ask the strategist

Ask the Strategist: Where Should Adults Put Their Loose Change?

Photo: Retailers

In our advice column, Ask the Strategist, we take your most burning shopping questions and survey friends, call up experts, and draw on our own personal experience to answer them. As always, please email any online-shopping-related queries to with the subject Ask the Strategist — we’re here to help.

Where should adults put their loose change? A ziplock bag is practical but lacking aesthetically, whereas a piggy bank is a little too kitschy for us. Is there a piggy bank alternative?

As the daughter and granddaughter of dedicated coin collectors (and a storage enthusiast), I must say you’ve asked the right person. My dad used to store all his change in an enormous translucent blue vase that he filled several times when I was growing up. (In fact, he paid for the deposit on my first New York City apartment using the change from that vase.) Accordingly, I’ve grown up to be a change collector, though I collect significantly less change than my father because, well, debit cards. That said, I do have a repurposed applesauce jar full of coins under my bed, as well as a small ceramic bowl full of change near my front door. The lesson: Keeping change out doesn’t have to involve a piggy bank (though I found and included some very nice looking ones) or an unfortunate ziplock bag. Here are some decidedly adult ideas for storing your coinage.

Vases, Bowls, and Vessels

If you’d like to display your change, I recommend buying something display-worthy to hold it. The ceramic jar of coins that I keep near my door brings me infinite joy (and even more so when I put coins in it). Look for something tall enough to hide your coins so your vessel looks like a piece of décor rather than a stopgap. When this vessel gets full, just transfer the coins to a bigger jar or take them to a coin exchange and start all over again.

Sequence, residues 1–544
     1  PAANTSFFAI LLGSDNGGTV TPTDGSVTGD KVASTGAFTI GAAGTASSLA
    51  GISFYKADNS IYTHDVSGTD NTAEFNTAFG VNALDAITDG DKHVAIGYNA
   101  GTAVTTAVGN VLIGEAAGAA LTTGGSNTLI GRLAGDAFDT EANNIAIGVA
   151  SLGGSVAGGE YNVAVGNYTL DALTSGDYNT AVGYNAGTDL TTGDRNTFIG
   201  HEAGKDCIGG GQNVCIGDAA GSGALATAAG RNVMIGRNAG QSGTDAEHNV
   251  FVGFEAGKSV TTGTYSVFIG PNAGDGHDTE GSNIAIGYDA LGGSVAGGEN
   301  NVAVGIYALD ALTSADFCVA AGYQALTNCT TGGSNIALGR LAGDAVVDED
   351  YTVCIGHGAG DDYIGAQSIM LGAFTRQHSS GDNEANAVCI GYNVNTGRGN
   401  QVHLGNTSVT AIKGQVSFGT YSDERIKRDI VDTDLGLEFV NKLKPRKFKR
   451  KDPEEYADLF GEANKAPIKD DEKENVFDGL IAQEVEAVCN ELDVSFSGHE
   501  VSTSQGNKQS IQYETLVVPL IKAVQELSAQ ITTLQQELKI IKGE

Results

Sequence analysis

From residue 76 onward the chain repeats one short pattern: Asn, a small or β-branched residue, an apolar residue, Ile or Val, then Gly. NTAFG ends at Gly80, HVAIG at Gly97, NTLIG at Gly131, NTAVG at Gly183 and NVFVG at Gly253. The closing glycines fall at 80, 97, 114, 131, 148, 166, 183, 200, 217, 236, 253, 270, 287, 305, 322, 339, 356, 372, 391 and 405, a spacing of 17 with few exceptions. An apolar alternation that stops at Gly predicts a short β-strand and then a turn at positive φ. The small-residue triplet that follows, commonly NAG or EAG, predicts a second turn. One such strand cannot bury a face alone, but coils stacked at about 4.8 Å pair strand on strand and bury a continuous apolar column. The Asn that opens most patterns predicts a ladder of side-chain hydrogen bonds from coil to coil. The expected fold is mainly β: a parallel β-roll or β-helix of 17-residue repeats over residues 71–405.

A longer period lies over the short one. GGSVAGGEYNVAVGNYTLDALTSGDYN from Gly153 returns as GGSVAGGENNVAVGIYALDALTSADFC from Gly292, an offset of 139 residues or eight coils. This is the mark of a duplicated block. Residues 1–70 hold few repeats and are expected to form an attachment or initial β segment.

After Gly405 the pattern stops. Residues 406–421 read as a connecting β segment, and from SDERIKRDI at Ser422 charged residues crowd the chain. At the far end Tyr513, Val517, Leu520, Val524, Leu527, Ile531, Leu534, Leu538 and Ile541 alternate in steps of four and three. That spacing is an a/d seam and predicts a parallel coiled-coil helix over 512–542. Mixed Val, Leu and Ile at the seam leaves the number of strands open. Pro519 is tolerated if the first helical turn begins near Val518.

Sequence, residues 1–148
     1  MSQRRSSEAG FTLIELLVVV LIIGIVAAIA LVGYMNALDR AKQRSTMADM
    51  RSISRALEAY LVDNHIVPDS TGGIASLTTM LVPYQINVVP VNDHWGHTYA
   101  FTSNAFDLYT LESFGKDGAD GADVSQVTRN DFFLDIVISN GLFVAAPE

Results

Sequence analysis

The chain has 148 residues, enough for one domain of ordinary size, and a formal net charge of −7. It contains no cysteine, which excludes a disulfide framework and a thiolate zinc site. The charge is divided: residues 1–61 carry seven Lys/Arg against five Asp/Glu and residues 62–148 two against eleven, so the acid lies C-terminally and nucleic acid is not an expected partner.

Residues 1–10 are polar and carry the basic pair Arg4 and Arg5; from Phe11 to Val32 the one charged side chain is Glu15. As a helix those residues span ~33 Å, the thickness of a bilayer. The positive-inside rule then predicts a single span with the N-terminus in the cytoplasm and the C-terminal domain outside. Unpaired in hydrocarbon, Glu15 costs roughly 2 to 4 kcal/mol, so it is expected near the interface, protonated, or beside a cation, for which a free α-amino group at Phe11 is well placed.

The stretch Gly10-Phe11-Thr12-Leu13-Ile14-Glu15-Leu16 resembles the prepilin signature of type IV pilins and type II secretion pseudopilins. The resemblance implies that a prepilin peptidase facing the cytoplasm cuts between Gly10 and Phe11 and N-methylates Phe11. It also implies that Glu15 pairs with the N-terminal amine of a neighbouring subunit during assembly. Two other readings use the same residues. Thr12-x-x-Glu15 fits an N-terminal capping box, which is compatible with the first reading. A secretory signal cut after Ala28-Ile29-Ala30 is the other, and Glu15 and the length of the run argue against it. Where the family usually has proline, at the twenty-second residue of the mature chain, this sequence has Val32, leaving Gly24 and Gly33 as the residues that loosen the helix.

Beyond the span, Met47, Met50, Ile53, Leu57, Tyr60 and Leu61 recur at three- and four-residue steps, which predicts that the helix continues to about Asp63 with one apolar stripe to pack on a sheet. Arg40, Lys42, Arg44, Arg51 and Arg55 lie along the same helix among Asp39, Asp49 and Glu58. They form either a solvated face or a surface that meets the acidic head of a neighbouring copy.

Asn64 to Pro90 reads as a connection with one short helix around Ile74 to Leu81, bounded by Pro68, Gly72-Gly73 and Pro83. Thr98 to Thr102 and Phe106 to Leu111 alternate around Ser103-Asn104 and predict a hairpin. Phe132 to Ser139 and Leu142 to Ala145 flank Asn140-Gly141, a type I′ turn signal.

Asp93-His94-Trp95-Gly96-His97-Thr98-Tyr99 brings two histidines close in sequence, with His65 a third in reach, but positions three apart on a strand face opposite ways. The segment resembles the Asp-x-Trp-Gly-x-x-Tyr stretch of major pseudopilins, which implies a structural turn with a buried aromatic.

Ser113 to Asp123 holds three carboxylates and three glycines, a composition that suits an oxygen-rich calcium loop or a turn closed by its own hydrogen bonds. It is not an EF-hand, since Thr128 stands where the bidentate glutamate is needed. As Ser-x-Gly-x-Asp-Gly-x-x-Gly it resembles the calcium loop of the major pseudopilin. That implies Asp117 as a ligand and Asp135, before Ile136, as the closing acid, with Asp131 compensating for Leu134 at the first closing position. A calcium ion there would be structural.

This decorative vase will look nice on your mantle or bookshelf, and at nearly nine inches in height, it can hold a ton of coins.

If you’re going for a more rustic look, consider this Japanese-made bowl featuring natural oak and a matte finish.

If you’re willing to spend a little more, well, change, you can get this soft-pink marble bowl from Hudson Valley brand Hawkins New York.

Or, save some change and turn a budget-friendly pinch bowl, like this Santa Fe–themed one from Urban Outfitters, into a coin dish.

Take a cue from my own dad and fill a blue vase with coins. The silver and copper shine of the coins looks really nice in soft blue light.


Another option is to get an attractive catchall tray that can hold coins. This is a good option as long as you’re not bringing home pockets full of coins every day, in which case you should opt for a larger vessel. Catchalls have the advantage of being, as the name suggests, multipurpose, so you can throw your keys and other small objects here when you get home, especially if the tray is divided like this one. (This leather one also makes a fantastic third-anniversary gift.)

This simple melamine tray will fit any cheap-but-expensive-looking aesthetic, and at 15 inches long, there’s plenty of room for coins, keys, and other doodads.

If you’re drawn to geometric designs, I love the Kaleido line from Hay, which features trays of varying shapes (diamond, hexagon, etc.) that fit together in a way that’s customizable to your needs.

On the ceramic side of things, there’s this lovely 15-inch, blush-pink stoneware tray from CB2.